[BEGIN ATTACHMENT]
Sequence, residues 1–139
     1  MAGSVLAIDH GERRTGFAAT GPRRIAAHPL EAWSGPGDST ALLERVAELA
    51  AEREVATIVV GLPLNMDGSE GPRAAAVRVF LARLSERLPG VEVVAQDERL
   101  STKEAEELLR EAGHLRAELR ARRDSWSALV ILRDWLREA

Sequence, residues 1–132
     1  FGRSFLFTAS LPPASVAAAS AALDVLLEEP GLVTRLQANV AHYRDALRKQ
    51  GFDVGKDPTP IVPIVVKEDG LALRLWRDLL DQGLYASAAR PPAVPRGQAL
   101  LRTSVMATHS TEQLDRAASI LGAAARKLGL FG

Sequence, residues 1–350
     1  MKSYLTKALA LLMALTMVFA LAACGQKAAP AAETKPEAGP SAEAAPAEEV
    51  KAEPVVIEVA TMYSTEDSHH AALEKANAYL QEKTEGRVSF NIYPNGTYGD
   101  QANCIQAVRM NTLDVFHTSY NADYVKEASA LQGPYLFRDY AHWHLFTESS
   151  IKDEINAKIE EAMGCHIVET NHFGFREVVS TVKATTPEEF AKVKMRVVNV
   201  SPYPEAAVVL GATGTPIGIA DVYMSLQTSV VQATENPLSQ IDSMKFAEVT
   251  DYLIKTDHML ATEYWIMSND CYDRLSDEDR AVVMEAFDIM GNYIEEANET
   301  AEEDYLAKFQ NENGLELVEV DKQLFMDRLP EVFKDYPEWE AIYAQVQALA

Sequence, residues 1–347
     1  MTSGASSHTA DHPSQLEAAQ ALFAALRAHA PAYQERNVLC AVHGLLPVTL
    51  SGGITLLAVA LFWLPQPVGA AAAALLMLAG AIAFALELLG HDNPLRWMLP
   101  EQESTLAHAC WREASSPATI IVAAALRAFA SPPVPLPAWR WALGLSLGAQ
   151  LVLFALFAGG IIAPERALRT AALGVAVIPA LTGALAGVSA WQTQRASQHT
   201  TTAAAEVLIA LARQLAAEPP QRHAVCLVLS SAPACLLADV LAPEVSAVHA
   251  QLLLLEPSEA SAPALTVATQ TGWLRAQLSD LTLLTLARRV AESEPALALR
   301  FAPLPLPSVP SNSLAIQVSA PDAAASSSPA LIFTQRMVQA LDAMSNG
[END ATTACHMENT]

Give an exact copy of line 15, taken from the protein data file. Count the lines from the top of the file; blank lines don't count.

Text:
   251  DYLIKTDHML ATEYWIMSND CYDRLSDEDR AVVMEAFDIM GNYIEEANET